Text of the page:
Jamestown: Fisherfolk protest against close season
Fisher folks at Jamestown in the Greater Accra region have protested against the ban on fishing activities which begins in the month of August
closed season policy was introduced by the Ministry Of Fisheries and Aquaculture Development in order to replenish fish stock but the fishermen are unhappy with the directive and have urged the government to address the factors leading to the dwindling of the fish stock rather than placing a month ban of fishing activities.
Clad in red, the fisher folks chanted songs on the streets of Jamestown in Accra to register their displeasure of the directive before addressing a press conference Friday.
They mentioned the activities of the trawlers, high light intensity fishing, the use of undersize and monofilament nets, the use of dynamite and obnoxious chemicals as some of the issues which need to be addressed by the government before implementing the closed season policy.
Speaking on behalf of the fisherfolk, the convener for the Friends of the Artisanal Fishermen, Nii Nettey Nettey explained that trawlers and tuna vessels scoop the belly of the ocean and trap anything in the way of their net.
The group, therefore, called on the government to ban the activities of fishing trawlers for a period of two years.
They also appealed to the government to equip the naval force and the marine police with ships and speed boats to enable them to work effectively.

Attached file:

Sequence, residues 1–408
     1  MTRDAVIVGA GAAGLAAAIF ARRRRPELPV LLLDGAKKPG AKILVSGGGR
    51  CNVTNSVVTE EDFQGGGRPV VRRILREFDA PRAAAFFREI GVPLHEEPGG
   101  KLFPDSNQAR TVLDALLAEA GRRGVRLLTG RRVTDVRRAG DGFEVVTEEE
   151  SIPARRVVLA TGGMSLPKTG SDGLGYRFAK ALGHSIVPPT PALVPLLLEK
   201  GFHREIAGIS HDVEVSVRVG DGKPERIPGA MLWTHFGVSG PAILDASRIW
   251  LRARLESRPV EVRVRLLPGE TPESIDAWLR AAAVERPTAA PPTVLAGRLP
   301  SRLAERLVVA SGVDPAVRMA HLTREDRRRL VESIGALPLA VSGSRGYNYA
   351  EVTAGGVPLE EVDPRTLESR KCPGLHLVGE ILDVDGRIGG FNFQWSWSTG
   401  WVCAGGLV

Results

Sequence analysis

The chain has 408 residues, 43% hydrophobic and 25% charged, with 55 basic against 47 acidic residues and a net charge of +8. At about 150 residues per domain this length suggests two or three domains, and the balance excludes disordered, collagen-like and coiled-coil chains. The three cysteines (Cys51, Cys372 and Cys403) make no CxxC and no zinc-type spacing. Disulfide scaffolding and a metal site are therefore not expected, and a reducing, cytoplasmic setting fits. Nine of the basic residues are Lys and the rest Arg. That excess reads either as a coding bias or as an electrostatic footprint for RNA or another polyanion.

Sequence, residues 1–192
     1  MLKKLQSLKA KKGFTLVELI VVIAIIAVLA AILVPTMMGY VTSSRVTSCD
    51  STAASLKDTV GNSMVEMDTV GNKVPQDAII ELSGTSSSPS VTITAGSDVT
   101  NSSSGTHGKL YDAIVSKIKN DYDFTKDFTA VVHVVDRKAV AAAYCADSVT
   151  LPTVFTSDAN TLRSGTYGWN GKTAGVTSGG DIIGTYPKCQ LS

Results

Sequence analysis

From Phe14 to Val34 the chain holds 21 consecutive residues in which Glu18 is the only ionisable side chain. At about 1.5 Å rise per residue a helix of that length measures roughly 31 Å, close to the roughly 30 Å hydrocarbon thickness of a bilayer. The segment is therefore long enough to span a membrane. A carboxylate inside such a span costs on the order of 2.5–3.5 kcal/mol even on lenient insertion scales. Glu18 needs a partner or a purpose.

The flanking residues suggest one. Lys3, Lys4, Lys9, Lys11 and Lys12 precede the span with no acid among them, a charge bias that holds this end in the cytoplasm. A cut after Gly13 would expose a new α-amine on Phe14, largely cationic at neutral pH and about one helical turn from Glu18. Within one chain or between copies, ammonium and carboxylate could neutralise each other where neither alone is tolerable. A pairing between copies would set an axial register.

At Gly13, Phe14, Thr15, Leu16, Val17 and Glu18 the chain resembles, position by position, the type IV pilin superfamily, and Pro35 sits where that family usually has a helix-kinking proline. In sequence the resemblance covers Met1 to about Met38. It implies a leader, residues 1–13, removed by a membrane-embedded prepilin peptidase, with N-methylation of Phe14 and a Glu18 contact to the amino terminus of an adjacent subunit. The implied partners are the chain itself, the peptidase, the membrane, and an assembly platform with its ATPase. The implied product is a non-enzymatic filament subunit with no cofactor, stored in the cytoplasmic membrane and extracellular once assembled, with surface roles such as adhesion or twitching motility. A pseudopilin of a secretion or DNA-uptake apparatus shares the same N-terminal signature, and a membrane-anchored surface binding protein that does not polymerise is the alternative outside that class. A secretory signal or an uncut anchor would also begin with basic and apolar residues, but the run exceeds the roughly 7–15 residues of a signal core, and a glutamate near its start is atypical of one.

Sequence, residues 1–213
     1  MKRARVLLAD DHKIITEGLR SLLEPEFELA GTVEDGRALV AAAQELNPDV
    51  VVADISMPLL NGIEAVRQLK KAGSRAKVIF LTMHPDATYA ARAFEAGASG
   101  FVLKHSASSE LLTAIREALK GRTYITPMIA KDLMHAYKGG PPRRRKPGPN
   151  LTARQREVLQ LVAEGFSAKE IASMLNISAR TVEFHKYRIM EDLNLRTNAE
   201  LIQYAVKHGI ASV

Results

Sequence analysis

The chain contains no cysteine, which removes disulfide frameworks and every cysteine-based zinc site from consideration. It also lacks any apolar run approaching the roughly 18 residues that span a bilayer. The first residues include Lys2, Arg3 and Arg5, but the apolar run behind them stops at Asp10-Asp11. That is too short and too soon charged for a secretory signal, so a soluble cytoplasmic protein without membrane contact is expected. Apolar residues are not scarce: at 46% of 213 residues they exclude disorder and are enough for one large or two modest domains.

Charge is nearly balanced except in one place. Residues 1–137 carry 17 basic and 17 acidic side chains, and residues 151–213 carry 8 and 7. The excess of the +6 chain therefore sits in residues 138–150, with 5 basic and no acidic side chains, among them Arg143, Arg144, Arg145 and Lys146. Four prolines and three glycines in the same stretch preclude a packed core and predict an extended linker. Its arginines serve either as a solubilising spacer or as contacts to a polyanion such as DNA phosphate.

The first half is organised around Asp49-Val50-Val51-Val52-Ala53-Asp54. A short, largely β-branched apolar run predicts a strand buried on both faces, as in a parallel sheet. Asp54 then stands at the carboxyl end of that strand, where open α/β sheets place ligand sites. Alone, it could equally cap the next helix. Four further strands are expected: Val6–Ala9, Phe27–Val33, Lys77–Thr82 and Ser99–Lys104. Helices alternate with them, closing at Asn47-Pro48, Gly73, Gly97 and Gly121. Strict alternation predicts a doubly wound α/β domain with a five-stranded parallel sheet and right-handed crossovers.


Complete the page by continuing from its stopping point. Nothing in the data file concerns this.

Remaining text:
The fishermen also advocated for a community surveillance team made up of informants and the Canoe Fishermen Association to report and arrest culprits.
In a speech, the Communication Director of Concern Youth of Odododiodio, Samuel Laryea called on the government to suspend the ban to allow for broad consultation and education for one year before the close season is announced and enforced.
According to Mr Laryea, even though they agree in principle to the ban, the timing is wrong.
“In principle we are not against a closed season to allow for the fishes to spawn and regenerate to increase the fish stock in our waters but it will interest you to know that the period for which this ban is to take effect is the major upwell season where fishermen get a little to pay for debts incurred over the lean season”.
He added that most communities along the beaches particularly in the Greater Accra Region have their festivals during this period and therefore perform rituals in the sea.
He said: “The catch from the sea is what is used for the preparation of the festival’s dish as well….....the period for the ban will affect the celebration of Homowo a great deal”.
Some fishermen in the Central and Sekondi in the Western Regions have raised similar concerns and asked the government to suspend the ban.